Scientists Build Scales That Can Weigh a Single Proton

How do you weigh an atom? To be honest, that's a question with plenty of problems which need answering, but one thing's certain: you need some accurate scales. Now, scientists have made a set that can measure the smallest unit of mass, the yoctogram—which is less than the mass of a single proton.

To put some numbers to that, a yoctogram is just one septillionth of a gram. So how the hell do you make scales that are that accurate?

In research reported in Nature Nanotechnology, scientists from the Catalan Institute of Nanotechnology in Barcelona, Spain, explain that they use nanotubes, which vibrate at different frequencies depending on the mass of particles or molecules resting on them.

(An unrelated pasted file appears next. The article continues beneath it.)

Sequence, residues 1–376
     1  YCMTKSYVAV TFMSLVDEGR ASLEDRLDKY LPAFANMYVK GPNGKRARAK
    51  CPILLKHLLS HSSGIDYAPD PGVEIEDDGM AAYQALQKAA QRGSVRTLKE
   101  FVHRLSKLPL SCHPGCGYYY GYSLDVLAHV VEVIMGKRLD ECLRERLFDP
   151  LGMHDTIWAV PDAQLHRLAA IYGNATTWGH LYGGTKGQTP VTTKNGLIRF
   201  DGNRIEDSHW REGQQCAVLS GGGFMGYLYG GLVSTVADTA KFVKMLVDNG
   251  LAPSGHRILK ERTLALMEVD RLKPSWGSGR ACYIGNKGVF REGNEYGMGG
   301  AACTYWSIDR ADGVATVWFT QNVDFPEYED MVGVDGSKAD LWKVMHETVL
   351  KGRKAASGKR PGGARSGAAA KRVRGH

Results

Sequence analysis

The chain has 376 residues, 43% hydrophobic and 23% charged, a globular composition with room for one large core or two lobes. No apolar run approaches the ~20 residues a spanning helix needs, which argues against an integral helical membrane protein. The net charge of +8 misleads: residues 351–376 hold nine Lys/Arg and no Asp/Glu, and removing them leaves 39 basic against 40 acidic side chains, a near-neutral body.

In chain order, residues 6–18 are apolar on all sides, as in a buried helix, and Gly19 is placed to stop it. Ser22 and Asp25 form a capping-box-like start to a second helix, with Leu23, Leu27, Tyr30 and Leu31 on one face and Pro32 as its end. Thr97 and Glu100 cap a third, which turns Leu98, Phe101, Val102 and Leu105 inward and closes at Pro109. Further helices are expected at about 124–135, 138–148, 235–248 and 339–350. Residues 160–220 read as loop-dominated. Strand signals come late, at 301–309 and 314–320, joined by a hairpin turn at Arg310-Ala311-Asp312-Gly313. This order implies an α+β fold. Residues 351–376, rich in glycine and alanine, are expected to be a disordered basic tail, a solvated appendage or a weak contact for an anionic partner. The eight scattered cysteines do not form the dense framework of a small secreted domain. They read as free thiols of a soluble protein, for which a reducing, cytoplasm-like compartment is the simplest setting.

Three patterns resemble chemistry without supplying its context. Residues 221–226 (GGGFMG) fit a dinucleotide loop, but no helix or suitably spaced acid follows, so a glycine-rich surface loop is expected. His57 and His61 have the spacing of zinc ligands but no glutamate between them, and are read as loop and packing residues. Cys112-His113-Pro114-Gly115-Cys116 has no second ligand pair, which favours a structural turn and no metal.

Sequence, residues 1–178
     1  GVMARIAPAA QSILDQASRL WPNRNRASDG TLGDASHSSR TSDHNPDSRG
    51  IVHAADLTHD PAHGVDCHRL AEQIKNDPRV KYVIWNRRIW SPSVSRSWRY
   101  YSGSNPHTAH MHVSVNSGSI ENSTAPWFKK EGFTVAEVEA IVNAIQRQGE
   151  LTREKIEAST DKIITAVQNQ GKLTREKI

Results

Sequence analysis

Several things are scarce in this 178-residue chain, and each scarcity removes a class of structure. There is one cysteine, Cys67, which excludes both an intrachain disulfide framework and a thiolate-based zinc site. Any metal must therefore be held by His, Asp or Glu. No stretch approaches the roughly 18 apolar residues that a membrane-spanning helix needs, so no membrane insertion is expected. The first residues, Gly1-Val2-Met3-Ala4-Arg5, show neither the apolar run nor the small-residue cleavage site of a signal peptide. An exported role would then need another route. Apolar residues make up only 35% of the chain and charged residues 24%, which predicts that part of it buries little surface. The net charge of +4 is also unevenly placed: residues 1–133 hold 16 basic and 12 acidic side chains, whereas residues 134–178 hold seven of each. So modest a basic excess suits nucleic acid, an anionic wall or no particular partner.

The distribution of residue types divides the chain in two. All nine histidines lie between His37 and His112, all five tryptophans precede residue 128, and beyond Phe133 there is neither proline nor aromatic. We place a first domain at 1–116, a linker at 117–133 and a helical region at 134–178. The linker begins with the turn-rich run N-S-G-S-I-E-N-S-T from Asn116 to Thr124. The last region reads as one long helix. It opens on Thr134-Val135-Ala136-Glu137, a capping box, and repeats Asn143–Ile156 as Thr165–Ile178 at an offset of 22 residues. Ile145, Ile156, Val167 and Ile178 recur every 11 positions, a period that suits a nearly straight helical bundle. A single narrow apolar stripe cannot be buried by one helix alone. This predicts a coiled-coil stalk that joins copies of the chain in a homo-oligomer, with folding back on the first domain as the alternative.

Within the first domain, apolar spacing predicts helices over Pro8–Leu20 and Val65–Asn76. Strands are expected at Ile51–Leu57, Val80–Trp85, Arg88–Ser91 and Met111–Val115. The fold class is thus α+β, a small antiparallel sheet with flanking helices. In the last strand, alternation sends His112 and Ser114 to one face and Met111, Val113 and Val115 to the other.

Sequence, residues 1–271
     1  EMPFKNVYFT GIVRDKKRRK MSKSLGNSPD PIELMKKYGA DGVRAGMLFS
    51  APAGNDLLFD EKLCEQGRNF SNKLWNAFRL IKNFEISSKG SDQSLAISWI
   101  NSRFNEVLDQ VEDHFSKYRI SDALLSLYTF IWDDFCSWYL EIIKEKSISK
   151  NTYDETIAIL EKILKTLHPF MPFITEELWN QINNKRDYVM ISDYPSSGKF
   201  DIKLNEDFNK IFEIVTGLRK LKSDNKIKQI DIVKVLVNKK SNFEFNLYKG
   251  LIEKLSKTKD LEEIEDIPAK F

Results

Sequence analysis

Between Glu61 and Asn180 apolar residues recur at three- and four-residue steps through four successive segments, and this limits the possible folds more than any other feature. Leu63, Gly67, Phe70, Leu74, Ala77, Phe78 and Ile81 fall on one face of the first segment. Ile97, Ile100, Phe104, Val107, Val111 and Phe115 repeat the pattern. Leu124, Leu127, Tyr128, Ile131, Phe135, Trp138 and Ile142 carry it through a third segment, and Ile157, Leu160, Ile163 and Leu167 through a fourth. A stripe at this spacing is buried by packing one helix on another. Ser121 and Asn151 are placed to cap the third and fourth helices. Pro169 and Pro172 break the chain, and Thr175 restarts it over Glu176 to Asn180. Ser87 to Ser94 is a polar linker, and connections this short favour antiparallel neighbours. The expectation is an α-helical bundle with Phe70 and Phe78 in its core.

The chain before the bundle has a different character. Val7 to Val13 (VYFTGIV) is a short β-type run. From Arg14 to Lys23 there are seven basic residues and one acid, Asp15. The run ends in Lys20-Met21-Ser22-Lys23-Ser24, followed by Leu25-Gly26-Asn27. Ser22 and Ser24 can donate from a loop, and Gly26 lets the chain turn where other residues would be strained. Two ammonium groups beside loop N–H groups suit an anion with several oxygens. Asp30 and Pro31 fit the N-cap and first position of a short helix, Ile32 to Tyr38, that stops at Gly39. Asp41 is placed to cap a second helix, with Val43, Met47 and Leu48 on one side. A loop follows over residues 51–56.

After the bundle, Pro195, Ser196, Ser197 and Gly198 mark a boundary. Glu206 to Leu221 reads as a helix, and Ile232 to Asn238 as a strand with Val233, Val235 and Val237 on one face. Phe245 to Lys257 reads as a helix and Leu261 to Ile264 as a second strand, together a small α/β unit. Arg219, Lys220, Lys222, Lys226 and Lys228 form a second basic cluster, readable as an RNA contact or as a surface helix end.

To work properly, the scales have to be used at low temperatures. In a vacuum. The result is that the team of researchers are able to weigh atoms—they've demonstrated it using xenon—to the nearest yoctogram. With a single proton weighing in at 1.7 yoctograms, that means that they should be able to discern between atoms of different elements, just by weighing them. If that makes your head hurt, you're not alone. [Nature Nanotechnology via New Scientist]

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